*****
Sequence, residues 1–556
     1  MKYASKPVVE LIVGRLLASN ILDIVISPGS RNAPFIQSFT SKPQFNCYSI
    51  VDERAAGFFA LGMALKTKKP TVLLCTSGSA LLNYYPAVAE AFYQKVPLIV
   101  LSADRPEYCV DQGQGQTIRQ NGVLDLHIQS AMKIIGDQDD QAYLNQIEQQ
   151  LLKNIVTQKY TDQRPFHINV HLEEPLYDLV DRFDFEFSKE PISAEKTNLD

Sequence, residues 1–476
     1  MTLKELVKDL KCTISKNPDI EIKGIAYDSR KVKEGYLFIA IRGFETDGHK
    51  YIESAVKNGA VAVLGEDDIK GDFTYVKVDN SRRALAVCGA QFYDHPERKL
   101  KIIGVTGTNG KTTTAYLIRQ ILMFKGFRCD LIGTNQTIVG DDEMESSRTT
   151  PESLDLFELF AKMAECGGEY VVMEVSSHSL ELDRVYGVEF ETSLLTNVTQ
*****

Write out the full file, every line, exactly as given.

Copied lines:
Sequence, residues 1–556
     1  MKYASKPVVE LIVGRLLASN ILDIVISPGS RNAPFIQSFT SKPQFNCYSI
    51  VDERAAGFFA LGMALKTKKP TVLLCTSGSA LLNYYPAVAE AFYQKVPLIV
   101  LSADRPEYCV DQGQGQTIRQ NGVLDLHIQS AMKIIGDQDD QAYLNQIEQQ
   151  LLKNIVTQKY TDQRPFHINV HLEEPLYDLV DRFDFEFSKE PISAEKTNLD

Sequence, residues 1–476
     1  MTLKELVKDL KCTISKNPDI EIKGIAYDSR KVKEGYLFIA IRGFETDGHK
    51  YIESAVKNGA VAVLGEDDIK GDFTYVKVDN SRRALAVCGA QFYDHPERKL
   101  KIIGVTGTNG KTTTAYLIRQ ILMFKGFRCD LIGTNQTIVG DDEMESSRTT
   151  PESLDLFELF AKMAECGGEY VVMEVSSHSL ELDRVYGVEF ETSLLTNVTQ